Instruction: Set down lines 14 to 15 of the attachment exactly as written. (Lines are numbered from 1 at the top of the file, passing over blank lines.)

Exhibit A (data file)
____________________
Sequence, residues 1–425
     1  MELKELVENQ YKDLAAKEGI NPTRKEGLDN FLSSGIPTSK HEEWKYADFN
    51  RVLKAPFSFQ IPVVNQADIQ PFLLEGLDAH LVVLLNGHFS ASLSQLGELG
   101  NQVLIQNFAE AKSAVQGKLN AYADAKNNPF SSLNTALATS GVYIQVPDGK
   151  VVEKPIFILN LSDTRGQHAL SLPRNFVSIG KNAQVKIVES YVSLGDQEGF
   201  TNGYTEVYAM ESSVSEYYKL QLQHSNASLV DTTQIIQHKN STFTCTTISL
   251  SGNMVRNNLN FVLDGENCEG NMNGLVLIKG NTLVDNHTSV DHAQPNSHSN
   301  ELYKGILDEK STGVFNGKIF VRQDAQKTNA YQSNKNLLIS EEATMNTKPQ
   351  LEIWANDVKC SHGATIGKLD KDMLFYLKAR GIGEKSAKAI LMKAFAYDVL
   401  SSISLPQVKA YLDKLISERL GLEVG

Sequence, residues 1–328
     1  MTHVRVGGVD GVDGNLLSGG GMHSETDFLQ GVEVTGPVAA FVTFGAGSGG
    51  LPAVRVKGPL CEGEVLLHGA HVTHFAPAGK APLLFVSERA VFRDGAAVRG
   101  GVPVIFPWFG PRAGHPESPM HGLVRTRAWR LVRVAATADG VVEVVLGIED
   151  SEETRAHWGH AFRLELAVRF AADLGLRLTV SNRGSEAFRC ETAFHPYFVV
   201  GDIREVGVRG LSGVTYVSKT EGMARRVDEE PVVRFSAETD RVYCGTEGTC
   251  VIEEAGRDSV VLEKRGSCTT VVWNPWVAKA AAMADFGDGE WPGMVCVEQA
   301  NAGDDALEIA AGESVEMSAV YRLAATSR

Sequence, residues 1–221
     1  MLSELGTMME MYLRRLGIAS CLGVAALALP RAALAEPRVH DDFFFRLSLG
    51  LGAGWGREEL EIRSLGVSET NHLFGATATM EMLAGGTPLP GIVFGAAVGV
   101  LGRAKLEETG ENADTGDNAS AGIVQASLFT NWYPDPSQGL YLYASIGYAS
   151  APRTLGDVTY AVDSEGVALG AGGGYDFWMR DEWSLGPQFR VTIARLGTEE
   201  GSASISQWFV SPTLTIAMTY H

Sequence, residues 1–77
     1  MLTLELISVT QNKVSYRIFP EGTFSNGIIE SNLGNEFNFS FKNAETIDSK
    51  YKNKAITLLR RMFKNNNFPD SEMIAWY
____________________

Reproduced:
   101  GVPVIFPWFG PRAGHPESPM HGLVRTRAWR LVRVAATADG VVEVVLGIED
   151  SEETRAHWGH AFRLELAVRF AADLGLRLTV SNRGSEAFRC ETAFHPYFVV